Online vehicle fraud is costing the nation a road-rage inducing £17.8 million each year, according to new figures released by Get Safe Online and the National Fraud Intelligence Bureau (NFIB) today. This is the equivalent to 89 Aston Martin Vanquishes.
In 2013, more than 6,600 UK residents reported online vehicle fraud to the police, with an average loss of £4,078 per victim. The loss range is huge; from smaller losses of less than £50, which mainly related to holding deposits, to one unlucky victim who lost £300,000 where multiple vehicles were involved.
Fraudsters used the following methods to steal their victims’ cash:
- Part or full payment for the vehicles and then loss of contact with the “seller” accounted for nearly half (49%) of frauds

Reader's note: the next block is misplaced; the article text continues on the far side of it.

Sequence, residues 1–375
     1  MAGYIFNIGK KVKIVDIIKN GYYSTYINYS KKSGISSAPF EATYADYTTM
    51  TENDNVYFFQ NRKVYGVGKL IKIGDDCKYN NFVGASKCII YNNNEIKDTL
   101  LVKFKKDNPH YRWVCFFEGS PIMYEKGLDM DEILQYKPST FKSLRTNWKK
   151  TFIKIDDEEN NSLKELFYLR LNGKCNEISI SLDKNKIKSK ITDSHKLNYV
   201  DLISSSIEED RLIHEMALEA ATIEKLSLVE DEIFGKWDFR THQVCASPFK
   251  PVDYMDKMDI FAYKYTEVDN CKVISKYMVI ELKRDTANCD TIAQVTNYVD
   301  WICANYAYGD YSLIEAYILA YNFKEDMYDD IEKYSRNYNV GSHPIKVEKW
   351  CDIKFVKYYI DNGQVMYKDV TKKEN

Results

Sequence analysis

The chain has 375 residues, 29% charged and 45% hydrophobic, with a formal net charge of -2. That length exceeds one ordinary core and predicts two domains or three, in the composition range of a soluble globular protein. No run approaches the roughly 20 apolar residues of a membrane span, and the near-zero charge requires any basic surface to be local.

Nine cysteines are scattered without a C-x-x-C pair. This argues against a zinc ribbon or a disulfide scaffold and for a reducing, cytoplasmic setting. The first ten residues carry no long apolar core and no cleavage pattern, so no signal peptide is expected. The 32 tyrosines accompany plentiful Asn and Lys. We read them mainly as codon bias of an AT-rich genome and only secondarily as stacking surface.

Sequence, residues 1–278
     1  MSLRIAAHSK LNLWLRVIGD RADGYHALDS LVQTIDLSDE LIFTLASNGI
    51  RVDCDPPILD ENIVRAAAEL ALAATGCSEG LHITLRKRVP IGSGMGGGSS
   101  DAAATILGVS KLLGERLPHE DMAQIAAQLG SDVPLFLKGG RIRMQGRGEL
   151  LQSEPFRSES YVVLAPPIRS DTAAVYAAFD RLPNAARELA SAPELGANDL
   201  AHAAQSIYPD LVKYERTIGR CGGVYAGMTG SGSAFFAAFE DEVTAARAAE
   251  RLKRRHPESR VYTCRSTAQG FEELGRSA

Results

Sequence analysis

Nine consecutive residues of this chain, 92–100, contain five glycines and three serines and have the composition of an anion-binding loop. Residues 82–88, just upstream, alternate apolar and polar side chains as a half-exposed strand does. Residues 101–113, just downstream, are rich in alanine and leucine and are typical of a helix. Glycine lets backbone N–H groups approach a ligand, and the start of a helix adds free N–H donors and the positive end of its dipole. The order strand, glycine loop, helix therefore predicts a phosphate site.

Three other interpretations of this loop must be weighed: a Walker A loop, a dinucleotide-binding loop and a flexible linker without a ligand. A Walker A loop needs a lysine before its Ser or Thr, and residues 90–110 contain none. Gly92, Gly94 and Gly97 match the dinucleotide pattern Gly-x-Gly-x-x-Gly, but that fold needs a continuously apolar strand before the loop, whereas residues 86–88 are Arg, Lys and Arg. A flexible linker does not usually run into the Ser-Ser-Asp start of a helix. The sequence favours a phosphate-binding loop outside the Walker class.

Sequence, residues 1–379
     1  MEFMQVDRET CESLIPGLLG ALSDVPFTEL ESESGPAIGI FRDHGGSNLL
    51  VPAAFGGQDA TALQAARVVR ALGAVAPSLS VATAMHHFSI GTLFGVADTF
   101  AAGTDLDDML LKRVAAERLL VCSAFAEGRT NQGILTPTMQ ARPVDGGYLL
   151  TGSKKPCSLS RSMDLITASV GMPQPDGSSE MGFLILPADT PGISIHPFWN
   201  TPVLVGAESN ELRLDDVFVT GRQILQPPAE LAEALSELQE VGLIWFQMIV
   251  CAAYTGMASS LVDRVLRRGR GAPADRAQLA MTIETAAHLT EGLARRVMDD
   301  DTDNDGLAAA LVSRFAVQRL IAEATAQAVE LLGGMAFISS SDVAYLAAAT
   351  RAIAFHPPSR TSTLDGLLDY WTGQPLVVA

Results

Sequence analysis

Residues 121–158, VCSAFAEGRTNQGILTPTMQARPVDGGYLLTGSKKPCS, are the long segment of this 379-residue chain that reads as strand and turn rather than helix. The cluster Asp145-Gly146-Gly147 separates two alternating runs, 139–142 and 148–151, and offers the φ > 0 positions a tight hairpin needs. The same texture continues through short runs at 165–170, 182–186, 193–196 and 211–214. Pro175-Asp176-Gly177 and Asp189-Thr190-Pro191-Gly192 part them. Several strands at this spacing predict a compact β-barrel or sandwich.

- More than a third (37%) of cases involved the payment of a deposit rather than the full amount
- Bank transfers (58%), fake eBay Invoices (14%) and fake Google Payment Systems Invoices (12%) offering non-existent “buyer protection” for the transaction were the most commonly cited payment methods
- Some victims paid funds to holding accounts on the basis that funds will be held until the buyer has received the goods and is satisfied with them
- Other victims received texts from well-known websites requesting refundable fees for car inspections
Further statistics show that:
- Nearly three quarters (71%) of victims were men
- People in their forties reported a quarter (25%) of all online vehicle fraud
- London was the most targeted city for online vehicle fraud, followed by Bristol and then Birmingham
For the full press release, please click here.